Why they won’t just pick any Tom, Dick, or Harry
Let’s play the dating game!
Say you’re a female Aedes aegypti mosquito and you have three types of male mosquitos to choose from: one from your own species and two from different species. While you can “date” any of them, which would you pick (keeping in mind that long walks on the beach and astrological signs aren’t usually too important to mosquitos)?
In the 1980s, A. aegypti – also known as yellow fever mosquitos – were faced with a similar decision. Throughout the southeastern US, they were being displaced by their invading cousins, Aedes albopictus (Asian tiger mosquitos). With fewer of their own species to mate with, A. aegypti started mating with A. albopictus. The problem, however, is that this made the yellow fever mosquitos sterile for life. This didn’t happen to the Asian tiger mosquitos. While they couldn’t produce offspring with the other mosquitos, their fertility wasn’t affected once they went back to their own species.
A potentially great way to get rid of dangerous mosquitos thwarted
When it comes to dangerous mosquitos, A. aegypti are some of the worst of the bunch, as they spread an assortment of diseases. In addition to yellow fever, this includes Zika, chikungunya, and dengue fever. So, the fact that they were becoming sterile after mating with A. albopictus seemed like a win-win for everybody. And it could’ve been, except for one thing: A. aegypti changed its dating profile.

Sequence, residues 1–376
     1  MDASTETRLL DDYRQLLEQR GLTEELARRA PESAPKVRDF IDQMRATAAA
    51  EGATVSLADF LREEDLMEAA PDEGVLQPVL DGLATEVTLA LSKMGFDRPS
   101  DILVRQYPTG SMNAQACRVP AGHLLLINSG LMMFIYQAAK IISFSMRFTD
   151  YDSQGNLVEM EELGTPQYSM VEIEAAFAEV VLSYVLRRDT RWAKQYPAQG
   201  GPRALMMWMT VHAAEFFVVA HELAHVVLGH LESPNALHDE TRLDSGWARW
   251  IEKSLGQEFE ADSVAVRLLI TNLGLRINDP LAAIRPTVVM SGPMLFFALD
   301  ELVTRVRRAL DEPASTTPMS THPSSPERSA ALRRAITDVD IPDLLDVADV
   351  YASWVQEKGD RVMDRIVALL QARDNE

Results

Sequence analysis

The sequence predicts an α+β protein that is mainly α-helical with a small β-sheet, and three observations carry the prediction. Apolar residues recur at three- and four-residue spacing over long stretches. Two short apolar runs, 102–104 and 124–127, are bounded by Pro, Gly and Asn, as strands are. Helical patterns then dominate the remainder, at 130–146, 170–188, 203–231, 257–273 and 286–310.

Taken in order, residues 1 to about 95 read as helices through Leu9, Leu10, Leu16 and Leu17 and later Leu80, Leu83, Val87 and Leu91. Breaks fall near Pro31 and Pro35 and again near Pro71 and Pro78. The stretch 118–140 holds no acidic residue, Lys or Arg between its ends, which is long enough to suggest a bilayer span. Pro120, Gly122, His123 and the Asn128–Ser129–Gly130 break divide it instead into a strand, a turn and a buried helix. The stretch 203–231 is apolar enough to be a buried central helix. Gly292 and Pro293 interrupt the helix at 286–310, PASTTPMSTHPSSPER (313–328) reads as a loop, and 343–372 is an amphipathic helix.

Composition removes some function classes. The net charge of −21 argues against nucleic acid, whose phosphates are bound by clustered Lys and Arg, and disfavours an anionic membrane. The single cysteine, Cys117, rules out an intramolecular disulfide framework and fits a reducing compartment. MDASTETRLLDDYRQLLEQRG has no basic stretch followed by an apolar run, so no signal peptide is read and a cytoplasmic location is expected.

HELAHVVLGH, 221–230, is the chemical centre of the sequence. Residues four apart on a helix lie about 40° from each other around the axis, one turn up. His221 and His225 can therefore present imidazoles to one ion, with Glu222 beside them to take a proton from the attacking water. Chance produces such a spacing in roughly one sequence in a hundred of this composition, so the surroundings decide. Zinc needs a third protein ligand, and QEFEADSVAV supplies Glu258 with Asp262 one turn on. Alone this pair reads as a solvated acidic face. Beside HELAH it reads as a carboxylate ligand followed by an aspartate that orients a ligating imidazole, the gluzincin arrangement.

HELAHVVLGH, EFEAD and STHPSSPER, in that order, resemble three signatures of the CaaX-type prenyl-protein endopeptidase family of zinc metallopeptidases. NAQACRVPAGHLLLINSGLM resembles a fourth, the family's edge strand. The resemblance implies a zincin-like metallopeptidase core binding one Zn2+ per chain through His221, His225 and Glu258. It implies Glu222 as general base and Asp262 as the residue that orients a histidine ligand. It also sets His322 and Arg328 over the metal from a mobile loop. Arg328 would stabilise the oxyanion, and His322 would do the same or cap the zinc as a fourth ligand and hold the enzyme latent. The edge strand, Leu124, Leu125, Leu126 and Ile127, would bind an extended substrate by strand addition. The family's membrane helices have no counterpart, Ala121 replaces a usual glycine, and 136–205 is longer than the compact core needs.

Recently, researchers discovered that it only took six generations for A. aegypti females to become much pickier when it came to choosing their mates. Tests in both a lab and in the wild in which they were exposed to A. albopictus showed the same thing: They just weren’t interested anymore.
“We wanted to know what genes were involved in the evolution of this choosiness in female A. aegypti mosquitoes,” said Martha Burford Reiskind, research assistant professor in the Department of Applied Ecology at NC State University. “We can now look at certain gene regions and feel confident that they are involved in mating behavior.”
If there is a bright side to mosquitos wanting only to mate with their own species, it’s this: They’re mating later in their short lifetimes. However, because they only need to mate one time and can keep producing offspring due to stored-up sperm, this may not matter too much.
This latest study could be just the jumping-off point for further research into the mating habits of mosquitos. Burford Reiskind wants to find out more about the role genes play and hopes to conduct a bigger study in areas where both types of mosquitos have similar populations. Additional information could be beneficial for controlling the diseases they spread.
“Invasive species are often seen as better competitors for scant resources, but that doesn’t seem to be the case for these mosquitoes,” Burford Reiskind added. “This study suggests other mechanisms are at play.”
Keep your home protected from all types of mosquitos
Regardless of which mosquitos are mating or not mating with other mosquitos, there is an easy way for you to avoid them and their offspring: your very own control system. A mosquito misting system set up on your property will repel these insects, along with things like flies, ticks, and gnats. Get in touch with Platinum Mosquito Protection for a free onsite consultation.